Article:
·         Betty feeling that the house in which she lives is an alien environment

·         Betty running to Don for comfort when she learns she might have cancer, rather than keeping her feelings in her current marriage and waiting to talk to Henry about her tumor – feeling alienated from her current marriage

·         Betty saying, “I feel like I just got off the boat from China” after hearing over the phone that her cancer was benign – which implies that she has a new life ahead of her, but in a “foreign land,” metaphorically speaking

·         Megan having dinner with Don and Don’s client and wife, where Megan looks out of place and where some of her comments sound inappropriate for the situation

·         Don going to the Rolling Stones concert & hanging out with young teens backstage, a very foreign environment for him

·         Don going with Megan to Fire Island to meet her friends, who are probably all in their 20s (she is 26 and he is 40), where he must have felt out of place

·         Don being put on the phone to talk to his mother-in-law, although she speaks French and he can’t understand her, which places him in a foreign environment in terms of language

·         Harry feeling alienated in his family and wanting to go out as much as possible – and stuffing himself with food to stuff down his feelings

·         Harry going to the Rolling Stones concert backstage area and not even realizing how out of place and foolish he looks

·         The Rolling Stones singing a commercial for Heinz beans, if it happened, would make them sound comically out of place

·         Dawn Chambers sitting in an all-white advertising firm where she is “the black person” and is perceived as out of place and in defiance of the social mores of the time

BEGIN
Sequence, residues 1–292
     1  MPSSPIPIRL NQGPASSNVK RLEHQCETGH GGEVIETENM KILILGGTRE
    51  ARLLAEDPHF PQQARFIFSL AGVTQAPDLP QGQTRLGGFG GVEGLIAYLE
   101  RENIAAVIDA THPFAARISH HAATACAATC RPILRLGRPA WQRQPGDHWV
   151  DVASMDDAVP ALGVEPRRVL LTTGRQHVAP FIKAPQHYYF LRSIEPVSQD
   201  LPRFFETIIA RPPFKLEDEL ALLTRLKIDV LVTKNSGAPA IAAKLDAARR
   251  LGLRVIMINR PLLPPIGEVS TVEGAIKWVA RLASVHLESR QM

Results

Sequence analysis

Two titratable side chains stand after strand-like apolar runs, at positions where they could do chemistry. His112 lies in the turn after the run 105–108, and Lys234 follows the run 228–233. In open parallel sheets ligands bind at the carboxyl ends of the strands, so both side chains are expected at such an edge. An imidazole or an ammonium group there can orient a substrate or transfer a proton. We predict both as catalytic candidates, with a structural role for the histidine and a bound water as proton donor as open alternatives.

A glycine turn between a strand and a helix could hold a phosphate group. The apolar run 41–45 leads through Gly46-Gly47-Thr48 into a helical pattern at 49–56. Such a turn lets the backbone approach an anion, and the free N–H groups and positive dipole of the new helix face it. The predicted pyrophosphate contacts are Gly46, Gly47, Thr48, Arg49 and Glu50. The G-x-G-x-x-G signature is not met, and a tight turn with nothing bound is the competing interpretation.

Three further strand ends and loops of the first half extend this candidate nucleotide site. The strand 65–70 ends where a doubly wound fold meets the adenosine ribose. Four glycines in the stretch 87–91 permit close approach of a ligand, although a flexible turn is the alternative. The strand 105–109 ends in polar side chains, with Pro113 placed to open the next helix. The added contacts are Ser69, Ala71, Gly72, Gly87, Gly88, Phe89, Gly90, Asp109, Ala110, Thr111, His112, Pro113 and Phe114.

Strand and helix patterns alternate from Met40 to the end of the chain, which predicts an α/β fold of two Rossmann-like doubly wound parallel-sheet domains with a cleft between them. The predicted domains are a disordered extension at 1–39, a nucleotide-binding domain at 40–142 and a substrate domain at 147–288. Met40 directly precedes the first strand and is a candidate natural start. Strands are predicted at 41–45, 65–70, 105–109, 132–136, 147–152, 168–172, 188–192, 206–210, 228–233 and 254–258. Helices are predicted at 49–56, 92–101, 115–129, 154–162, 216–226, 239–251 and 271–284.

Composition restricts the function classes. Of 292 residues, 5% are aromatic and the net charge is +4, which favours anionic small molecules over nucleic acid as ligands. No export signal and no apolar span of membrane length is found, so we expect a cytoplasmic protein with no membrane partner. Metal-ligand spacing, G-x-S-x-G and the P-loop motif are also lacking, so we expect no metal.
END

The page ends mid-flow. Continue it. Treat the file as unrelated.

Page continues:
·         Peggy being put into the new, somewhat foreign position of interviewing an applicant for the same role she has

·         Peggy feeling alienated by Michael Ginsberg because he insults her

·         Michael Ginsberg venturing into a non Jewish company where he is “the Jew” in an alien environment, even if having “a Jew” is already becoming socially acceptable for ad agencies; his presence as a Jew also reminding us of the Disapora of the Jewish people

·         Michael feeling alienated at home with his father, where he appears not to feel loved or cared for

·         Michael apparently feeling alienated from his religion

·         The fortune teller looking like a foreigner, even if she’s just dressed up that way; the “gypsy” is the idea of a person who is always outcast in society, no matter where he/she goes

·         Roger being alienated from the Mohawk account because of Pete

·         Roger feeling that because he now has to prove his value at SCDP, even though his name is on the door, he is an outsider of sorts in his own company

·         Roger saying, “When is everything going to go back to normal?” as if their entire society has changed and suddenly become a foreign environment to him

End of episode: the song from The Sound of Music: “I am 16 going on 17” says, “You wait, little girl, on an empty stage for fate to turn the light on. Your life, little girl, is an empty page that men will want to write on.” This song poses an ironic contrast to Betty’s life experience, making her feel alienated from her childhood dreams. However, it describes pretty well the innocent state of the teen girls that Don and Harry met backstage at the Stones concert.